Uganda’s Mounting Debt Crisis Poses Major Headache for Government


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Some of the key targets that Uganda had set as part of its earlier grand plan on stemming the high levels of debt were wide of the mark, compounding an already difficult situation for government technocrats, and leaving ordinary Ugandans at the mercy of fate should any external shock such as Covid-19 re-emerge.

Uganda is experiencing unprecedented levels of debt, with the amounts growing at a pace that the government had not anticipated. The Ministry of Finance, Planning and Economic Development says public debt stood at Shs 93.38 trillion at the end of December 2023, up from Shs 80.77 trillion a year earlier, making it the highest amount ever.

To put this amount of debt in context, it means each Ugandan – be it a 90-year-old woman or a three-month-old baby – has a debt of close to Shs 2 million attached on them, some of which they have to pay. That amount, experts warn, will not drop anytime soon, and that should another crisis such as Covid-19 reappear, many fragile businesses will be bumped off the streets.

A country with a high debt level is usually faced with expensive loans from commercial banks. Ultimately, this feeds into the inflation print, triggering a rise in the prices of goods and services.

In its earlier debt management strategy, Uganda government officials at the Ministry of Finance had set benchmarks for the level of interest payments it needed to pay, and which loans were maturing within a year. These benchmarks were meant to guide the government on the solutions it needed to pay off its debt. It has emerged, however, that the government underestimated the gravity of the problem, and that the ceilings it set were easily breached.

According to the recently-released Medium Term Debt Management Strategy for 2024/2025 – 2027/2028 by the Ministry of Finance, the government had projected that the interest payments it needed to pay in 2023 would not exceed 2.43 per cent as a percentage of the Gross Domestic Product.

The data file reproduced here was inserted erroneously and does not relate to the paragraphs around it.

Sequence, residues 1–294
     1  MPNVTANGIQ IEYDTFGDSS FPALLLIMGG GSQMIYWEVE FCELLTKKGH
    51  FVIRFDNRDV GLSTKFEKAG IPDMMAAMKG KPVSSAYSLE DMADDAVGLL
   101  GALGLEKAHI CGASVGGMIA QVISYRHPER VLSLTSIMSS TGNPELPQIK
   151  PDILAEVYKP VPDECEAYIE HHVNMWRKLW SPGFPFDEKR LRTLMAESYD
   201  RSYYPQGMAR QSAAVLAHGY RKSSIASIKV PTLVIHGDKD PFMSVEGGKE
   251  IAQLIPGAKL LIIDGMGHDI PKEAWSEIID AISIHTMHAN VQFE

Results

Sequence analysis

However, that amount reached 2.88 per cent by the end of December 2023, making it hard for the government to achieve its objective. According to the government, interest payments consumed 22.2 per cent of the national revenue in 2023, compared to 14.2 per cent in 2019.

When it came to debt that was to mature within a year, the government had projected that that figure would not surpass 3.17 per cent of the national budget. But in the year to December 2023, that amount was 3.63 per cent.  

That government’s failed to keep its debt levels within the set targets begs a couple of questions: did the government miscalculate the gravity of its debt problem? How did Uganda find itself in this situation in the first place?

From the difficulty of failing to raise enough revenue during the difficult Covid-19 period and therefore resorting to borrowing more money from the profit-hungry domestic financial market, to the government’s reckless expenditure of its loans, there appears to be a raft of reasons as to why Uganda’s debt problem will not abate anytime soon.